A rare Sumatran tiger has mauled a cocoa farmer to death in Indonesia’s province of Aceh, a conservationist and witnesses said Thursday.
The mangled body of Cut Hasan was found Wednesday in a mountainous area about 12 miles (20 kilometers) away from his plantation in Pucok village, said Abubakar Cekmad, head of the local conservation agency. The area is on the northern tip of Sumatra island, where about 150 Sumatran tigers still live in the wild.
The 48-year-old Hasan reportedly disappeared Monday while working on his plantation, and many villagers have been searching for him since, said the village head Muhammad Sabi Basyah.
“We found his body in bad condition,” Basyah said, adding that the beast had crushed parts of his thigh, head and stomach.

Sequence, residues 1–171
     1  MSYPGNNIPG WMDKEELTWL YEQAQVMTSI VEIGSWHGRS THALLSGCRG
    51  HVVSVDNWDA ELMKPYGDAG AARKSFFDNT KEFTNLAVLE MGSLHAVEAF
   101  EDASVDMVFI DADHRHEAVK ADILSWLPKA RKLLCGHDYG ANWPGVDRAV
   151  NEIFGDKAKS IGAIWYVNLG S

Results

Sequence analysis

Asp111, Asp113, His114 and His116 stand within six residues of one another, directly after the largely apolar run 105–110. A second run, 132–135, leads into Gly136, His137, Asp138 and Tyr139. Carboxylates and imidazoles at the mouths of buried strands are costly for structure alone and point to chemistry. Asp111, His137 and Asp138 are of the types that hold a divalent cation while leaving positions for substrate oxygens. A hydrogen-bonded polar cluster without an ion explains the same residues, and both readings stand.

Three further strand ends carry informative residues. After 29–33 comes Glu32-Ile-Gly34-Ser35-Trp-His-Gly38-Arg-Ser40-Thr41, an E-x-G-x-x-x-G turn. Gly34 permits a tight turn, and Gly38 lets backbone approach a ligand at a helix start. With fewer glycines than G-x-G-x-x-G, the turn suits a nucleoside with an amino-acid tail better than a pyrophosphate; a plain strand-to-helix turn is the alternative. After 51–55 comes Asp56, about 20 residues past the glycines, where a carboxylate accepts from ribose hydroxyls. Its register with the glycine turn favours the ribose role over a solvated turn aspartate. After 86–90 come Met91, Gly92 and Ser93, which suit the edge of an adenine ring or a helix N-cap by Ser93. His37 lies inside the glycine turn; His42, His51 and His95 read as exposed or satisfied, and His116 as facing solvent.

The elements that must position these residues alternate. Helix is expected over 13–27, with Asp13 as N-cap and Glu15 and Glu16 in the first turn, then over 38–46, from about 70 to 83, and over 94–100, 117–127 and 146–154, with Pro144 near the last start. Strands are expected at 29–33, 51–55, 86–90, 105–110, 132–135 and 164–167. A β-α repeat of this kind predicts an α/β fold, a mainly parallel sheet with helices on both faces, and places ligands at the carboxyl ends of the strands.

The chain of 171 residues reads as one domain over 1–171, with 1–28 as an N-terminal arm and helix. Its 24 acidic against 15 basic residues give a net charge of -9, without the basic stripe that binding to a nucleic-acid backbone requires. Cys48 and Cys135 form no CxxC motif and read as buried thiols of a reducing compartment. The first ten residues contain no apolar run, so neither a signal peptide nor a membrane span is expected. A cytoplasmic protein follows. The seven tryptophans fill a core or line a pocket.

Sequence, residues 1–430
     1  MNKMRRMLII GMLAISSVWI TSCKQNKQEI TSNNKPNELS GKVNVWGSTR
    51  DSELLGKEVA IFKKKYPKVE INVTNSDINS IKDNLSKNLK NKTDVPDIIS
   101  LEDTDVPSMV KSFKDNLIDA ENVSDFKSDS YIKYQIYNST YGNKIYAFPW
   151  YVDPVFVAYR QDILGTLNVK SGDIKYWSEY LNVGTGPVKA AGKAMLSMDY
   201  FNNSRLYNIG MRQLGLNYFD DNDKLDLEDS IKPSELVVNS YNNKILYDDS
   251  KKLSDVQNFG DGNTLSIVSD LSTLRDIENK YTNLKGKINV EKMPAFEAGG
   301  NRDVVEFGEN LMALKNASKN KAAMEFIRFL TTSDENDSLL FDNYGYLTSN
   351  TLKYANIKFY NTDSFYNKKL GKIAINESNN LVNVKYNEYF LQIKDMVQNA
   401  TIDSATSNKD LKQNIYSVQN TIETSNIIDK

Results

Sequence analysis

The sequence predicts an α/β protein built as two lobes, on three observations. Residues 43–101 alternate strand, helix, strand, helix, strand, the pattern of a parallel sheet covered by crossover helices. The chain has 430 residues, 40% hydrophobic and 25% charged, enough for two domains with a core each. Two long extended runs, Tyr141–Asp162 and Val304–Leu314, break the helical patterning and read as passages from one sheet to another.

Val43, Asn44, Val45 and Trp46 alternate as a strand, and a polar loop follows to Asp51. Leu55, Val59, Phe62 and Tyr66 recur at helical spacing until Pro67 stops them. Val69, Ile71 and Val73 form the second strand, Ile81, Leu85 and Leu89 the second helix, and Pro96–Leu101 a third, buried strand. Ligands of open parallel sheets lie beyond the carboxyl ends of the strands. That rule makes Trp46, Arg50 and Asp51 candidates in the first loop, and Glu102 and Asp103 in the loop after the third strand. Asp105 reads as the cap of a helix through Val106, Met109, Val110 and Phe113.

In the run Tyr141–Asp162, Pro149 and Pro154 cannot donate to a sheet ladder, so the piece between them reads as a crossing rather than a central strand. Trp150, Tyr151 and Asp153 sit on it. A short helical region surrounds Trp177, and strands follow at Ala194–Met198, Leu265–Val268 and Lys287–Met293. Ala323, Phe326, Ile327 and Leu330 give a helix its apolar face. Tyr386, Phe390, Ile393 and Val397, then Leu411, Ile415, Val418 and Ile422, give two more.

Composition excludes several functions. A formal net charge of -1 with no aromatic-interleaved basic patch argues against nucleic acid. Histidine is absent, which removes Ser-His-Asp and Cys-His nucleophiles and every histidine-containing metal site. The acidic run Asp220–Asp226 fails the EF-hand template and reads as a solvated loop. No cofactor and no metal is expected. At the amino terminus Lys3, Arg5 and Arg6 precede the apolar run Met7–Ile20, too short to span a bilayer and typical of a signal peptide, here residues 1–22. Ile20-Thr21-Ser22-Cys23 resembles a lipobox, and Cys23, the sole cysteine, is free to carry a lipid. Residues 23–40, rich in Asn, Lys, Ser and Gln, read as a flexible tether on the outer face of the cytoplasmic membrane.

About a dozen people have been killed in Indonesia since November by tigers and elephants in Sumatran provinces of Aceh, Jambi and Riau.
This surge in confrontations between man and beast is blamed on rapidly shrinking forest habitat in the vast tropical archipelago where several species of rare mammals are facing extinction. As their habitats diminish, many animals roam into villages or onto plantations in search of food, setting off conflicts with humans.